In his introduction to the volume, M. Frede exhorts its readers, at least those who care about Aristotelian philosophy for its own sake, to work hard to set aside the accretions of tradition in order to recover what is authentically Aristotelian: “As Aristotelian scholars we do not want to continue to keep the fictional Aristotle of philosophical tradition alive, by updating his picture according to the latest insights of our philosophical and classical colleagues; we want to know what Aristotle actually thought and what we are to make of what he thought” (p. 52). However laudatory we may regard the goal of understanding Aristotle in his own terms, little argument from Frede actually supports the judgment that the Aristotle of philosophical tradition is “fictional”. Presumably, he means that several (all?) of the interpretations and appropriations of Lambda from late antiquity through Aquinas and beyond are incorrect or are, at the very least, serious distortions of Aristotle’s actual meaning.

This is a surprising claim, one to some degree undercut by another theme of Frede’s introduction, a theme also echoed in various ways by many of the other contributors to this volume, to the effect that very little can be known with security regarding Lambda. Indeed, not much about Lambda is beyond scholarly controversy: we do not know its date of composition (some think of it as an early composition superseded by Aristotle’s mature theory of substance, as adumbrated in the difficult middle books of the Metaphysics, while others, including Ross, contend that it is “rightly regarded as the coping-stone of the Metaphysics” ); we do not know whether it was written as an independent treatise only later fitted in the Metaphysics by Aristotle or by a later editor; the work is plainly lacking in internal continuity, with the result that at times it appears to be a bit of an unfinished patchwork; individual chapters present difficulties of internal coherence and continuity; and the meanings of its central doctrines concerning god’s intellectual activity are as hotly disputed now as they have been throughout the tradition. Consequently, it is a bit difficult to know how to return to Aristotle’s text without first coming to terms with the productions of those in the tradition who have come before us. Are we, for example, to set aside the painstaking stylometric analyses of the text of Lambda as the fodder of fiction? Presumably not. But then why should we not avail ourselves as well of Aquinas’ incisive commentaries? Why, at any rate, suppose in advance that the portrait we encounter there, or in the earlier tradition of Greek commentators, is somehow inaccurate or otherwise fictional?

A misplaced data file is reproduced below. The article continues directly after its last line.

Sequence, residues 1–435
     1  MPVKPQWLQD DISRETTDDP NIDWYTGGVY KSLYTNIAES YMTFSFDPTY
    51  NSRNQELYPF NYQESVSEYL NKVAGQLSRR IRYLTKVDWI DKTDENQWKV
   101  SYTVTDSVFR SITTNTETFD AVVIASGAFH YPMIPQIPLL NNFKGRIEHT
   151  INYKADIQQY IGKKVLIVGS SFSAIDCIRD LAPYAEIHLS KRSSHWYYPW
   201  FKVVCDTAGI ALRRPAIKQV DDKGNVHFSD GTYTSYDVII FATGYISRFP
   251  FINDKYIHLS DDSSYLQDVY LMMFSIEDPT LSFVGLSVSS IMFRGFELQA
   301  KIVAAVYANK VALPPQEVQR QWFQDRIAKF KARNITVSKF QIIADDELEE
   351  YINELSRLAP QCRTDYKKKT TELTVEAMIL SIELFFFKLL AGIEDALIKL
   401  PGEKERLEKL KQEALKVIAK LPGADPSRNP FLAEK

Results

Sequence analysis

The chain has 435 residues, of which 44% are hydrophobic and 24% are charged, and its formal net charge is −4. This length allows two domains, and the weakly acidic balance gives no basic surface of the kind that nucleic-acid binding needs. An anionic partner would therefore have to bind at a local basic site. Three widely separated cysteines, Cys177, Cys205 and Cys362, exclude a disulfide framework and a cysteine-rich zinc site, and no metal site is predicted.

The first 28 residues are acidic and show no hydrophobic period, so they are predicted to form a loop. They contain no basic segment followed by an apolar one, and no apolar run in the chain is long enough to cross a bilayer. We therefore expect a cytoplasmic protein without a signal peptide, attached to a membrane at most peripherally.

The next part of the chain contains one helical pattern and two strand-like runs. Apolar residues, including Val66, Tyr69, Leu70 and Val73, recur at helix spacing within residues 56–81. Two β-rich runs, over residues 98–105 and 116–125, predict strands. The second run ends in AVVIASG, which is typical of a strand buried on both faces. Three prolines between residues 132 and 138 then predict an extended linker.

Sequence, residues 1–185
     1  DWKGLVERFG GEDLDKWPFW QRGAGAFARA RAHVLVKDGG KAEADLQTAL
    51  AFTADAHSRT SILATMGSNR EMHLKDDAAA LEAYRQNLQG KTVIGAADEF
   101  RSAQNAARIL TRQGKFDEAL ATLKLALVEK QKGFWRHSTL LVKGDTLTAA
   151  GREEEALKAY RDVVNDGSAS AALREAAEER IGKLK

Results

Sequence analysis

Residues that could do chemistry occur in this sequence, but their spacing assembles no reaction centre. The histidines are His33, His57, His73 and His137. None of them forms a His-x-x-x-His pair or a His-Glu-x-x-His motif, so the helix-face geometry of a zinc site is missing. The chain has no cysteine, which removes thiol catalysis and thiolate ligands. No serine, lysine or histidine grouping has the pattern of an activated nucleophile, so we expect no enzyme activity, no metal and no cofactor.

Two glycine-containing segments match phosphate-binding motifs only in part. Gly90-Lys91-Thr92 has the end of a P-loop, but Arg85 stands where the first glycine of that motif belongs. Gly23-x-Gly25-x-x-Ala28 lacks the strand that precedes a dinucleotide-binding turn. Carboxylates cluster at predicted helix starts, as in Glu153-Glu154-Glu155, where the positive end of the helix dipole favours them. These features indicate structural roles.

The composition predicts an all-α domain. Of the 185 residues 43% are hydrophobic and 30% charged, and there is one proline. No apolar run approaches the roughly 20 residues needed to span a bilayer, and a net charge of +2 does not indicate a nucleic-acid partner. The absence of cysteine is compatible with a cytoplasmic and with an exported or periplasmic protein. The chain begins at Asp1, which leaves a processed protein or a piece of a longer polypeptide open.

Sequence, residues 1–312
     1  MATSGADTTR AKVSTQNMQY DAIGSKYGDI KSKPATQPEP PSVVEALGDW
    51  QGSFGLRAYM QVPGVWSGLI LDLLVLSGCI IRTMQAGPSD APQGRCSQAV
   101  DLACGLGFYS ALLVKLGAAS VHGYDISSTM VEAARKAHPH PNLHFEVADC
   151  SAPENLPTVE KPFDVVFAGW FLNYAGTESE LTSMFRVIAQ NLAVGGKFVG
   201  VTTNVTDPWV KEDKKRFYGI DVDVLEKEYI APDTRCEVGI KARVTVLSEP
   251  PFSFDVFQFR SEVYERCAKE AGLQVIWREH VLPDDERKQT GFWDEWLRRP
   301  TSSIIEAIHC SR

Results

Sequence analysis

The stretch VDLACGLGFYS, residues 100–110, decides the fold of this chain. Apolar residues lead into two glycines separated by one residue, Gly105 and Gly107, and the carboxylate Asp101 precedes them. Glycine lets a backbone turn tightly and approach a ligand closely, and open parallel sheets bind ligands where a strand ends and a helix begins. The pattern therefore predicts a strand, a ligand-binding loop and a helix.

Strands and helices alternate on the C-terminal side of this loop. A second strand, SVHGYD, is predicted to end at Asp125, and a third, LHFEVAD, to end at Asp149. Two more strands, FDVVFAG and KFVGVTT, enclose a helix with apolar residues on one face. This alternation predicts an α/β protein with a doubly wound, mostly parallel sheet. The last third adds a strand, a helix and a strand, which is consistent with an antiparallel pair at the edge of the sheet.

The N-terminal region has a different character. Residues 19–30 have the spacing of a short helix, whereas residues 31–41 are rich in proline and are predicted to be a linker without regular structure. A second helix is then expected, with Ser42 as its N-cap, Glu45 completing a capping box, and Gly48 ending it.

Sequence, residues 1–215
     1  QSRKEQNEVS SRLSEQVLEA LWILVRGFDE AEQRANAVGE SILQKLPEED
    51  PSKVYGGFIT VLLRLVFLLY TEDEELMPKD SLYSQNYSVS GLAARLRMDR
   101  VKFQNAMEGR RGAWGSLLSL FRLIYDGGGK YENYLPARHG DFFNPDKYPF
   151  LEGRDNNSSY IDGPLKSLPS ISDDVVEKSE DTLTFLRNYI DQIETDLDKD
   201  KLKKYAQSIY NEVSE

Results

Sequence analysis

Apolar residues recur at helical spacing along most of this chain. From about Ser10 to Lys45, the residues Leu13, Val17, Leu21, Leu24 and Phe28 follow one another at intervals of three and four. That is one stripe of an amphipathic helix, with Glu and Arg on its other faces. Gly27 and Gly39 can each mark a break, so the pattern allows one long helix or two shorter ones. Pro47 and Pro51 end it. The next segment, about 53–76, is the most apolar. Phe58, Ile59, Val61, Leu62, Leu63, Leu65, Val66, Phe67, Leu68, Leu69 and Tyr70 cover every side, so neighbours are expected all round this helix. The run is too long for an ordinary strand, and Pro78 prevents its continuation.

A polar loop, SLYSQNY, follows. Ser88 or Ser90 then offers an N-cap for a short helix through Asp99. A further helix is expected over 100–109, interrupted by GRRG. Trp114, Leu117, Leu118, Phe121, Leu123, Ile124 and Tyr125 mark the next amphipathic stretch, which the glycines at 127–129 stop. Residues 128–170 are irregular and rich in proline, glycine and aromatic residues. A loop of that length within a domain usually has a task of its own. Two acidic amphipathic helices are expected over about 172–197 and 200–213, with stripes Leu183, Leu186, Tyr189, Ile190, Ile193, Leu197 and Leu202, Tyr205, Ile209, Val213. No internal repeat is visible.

Moreover, it is hardly the case that the contributors to the volume find reason to separate themselves from the tradition of interpretation and exploration as it has come down to us. Noteworthy in this regard is Kosman’s engaging excursus on divine thought, which evidently understands itself to be very much part of a tradition. Kosman concludes, for instance, that “[I]t is no anachronism to suggest as I am that Aristotle’s notion of thought’s self-cognition is the forerunner of these notions of a self-awareness which, without being a standard instance of it, explains intentional consciousness.” Here it is relevant that “these notions” are just those identified by Kosman as having been introduced by Brentano, whose views are, again according to Kosman, more closely akin to Aristotle than those of Sartre, since Brentano distinguishes between two modes of conscious awareness, Wahrnehmung and Beobachtung, whereas Sartre removes the self from its own scope in insisting that “consciousness is not for itself its object.” (p. 324). We may or may not wish to dispute Kosman’s contentions; but we may also wonder whether his frank affirmation of the tradition-colored character of his exploration of Aristotle’s conception of the divinity of thought should be regarded problematic merely as such. We may also, by the same token, wonder whether it is unavoidable or even undesirable to proceed as Kosman does. Kosman, at any rate, seems happy to count himself among the ranks of Aristotelian scholars, and it is difficult to fault him for doing so.

These remarks suggest one way in which the volume lacks cohesion of the sort expected from a continuous commentary or a scholarly monograph, conceived and executed by a single scholar with a unified hermeneutical methodology. Still, if this is a weakness of the volume, it is also one of its impressive strengths: the variety of perspectives present in the individual chapter commentaries jointly illuminate facets of Metaphysics Lambda in ways unlikely to be equaled by even the most creative and broadly educated individual Aristotelian scholar. In this respect, this volume presents a fascinating variety of approaches well worth consulting as scholars continue to grapple with Lambda’s striking metaphysical theology.